The Summer of a Dormouse: A Year of Growing Old Disgracefully by Sir John Mortimer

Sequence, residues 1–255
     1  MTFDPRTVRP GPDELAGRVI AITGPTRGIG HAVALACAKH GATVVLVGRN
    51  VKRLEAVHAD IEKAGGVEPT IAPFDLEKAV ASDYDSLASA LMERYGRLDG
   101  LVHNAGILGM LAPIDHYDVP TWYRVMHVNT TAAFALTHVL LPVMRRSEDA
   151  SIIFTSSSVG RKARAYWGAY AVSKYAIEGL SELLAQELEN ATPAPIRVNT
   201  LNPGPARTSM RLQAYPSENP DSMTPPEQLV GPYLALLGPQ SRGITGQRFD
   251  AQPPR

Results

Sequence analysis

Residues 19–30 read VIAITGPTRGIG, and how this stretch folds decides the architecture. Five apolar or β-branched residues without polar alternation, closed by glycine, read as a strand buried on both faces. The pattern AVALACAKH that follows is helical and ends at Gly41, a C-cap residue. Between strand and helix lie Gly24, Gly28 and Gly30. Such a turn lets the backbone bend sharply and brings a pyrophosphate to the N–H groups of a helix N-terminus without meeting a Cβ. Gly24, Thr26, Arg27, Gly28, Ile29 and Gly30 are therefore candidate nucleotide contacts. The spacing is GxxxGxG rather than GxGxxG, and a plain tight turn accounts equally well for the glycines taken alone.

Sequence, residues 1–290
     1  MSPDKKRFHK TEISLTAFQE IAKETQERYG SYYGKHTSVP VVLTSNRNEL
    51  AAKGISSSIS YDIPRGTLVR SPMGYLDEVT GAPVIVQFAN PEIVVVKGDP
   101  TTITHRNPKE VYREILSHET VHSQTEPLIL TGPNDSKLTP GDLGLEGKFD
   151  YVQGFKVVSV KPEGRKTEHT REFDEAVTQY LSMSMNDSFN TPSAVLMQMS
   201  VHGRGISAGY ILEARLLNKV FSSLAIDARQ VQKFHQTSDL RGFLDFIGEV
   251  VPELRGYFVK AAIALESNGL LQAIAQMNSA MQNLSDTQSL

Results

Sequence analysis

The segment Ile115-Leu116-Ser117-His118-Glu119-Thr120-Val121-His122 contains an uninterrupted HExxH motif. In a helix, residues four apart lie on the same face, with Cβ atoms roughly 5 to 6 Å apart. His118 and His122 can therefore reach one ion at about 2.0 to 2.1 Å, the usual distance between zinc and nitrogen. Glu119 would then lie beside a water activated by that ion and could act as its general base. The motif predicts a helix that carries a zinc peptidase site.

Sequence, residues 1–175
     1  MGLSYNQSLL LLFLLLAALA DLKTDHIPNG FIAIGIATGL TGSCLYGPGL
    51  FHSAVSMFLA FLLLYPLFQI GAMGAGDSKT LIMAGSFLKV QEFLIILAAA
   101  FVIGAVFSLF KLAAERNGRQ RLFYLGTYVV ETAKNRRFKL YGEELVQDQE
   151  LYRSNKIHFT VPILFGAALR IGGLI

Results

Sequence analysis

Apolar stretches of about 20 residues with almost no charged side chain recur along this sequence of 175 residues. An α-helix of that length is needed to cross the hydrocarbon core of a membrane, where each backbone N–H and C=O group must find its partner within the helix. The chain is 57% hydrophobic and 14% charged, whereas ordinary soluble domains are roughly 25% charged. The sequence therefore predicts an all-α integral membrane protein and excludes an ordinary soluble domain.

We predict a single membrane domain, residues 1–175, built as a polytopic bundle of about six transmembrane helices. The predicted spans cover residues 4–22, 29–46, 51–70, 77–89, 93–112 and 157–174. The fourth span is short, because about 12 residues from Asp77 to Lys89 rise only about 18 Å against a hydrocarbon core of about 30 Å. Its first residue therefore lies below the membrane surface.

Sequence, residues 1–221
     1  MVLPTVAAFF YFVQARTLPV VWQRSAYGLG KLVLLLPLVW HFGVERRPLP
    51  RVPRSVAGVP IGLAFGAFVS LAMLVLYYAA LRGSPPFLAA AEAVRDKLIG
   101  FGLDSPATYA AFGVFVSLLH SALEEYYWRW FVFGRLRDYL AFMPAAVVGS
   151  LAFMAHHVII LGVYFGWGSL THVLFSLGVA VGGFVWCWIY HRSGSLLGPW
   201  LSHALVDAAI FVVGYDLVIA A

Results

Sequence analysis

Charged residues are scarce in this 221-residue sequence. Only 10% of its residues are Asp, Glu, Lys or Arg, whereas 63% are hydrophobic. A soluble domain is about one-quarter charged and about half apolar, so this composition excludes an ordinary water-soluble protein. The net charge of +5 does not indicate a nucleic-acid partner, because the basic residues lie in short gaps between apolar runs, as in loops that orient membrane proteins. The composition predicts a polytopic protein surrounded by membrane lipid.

One day John Mortimer is checking a reference in his "Complete Shakespeare" when the page falls open in the middle of "Henry VI, Part II" and his eye catches hold of two lines: "This evil here shall be my substitute; For that John Mortimer which now is dead..." Though the room goes suddenly cold, Shakespeare's acter is of course another person in another place, and "this" John Mortimer -novelist, playwright, erstwhile barrister and scourge of both Tories and New Labour - happily lives on through another gloriously full year which involves working with Franco Zeffirelli ("Darling, I rely on you ...I ask you to save my life!"), raising the Lottery-matching money needed to rebuild the Royal Court Theatre, chairing the committee that will advise on the momentous decision as to who or what will go on the empty plinth in Trafalgar Square, and lunching with old lags and captains of industry in Wormwood Scrubs. Yet there is no holding back the tide of physical afflictions that come at Sir John through the year. His father takes most of the blame - from him he inherited bronchial asthma, glaucoma and a tendency for his retinas to become detached - but sex and flowers share the responsibility too. Between them they account for a couple of falls that necessitate the occasional use of a wheelchair (quite handy, actually, at airpoirts, though a bit of a trial at cocktail parties) and strategies of almost military proportions to cross a room. The falls also make the putting on of socks an impossible task, unalleviated by the strange machine invented for that purpose that suddenly arrives in the post from New Zealand. Public and private, poignant and frank, but above all wonderfuly funny, "The Summer of a Dormouse" is vivid testimony to the pleasures and pains of old age.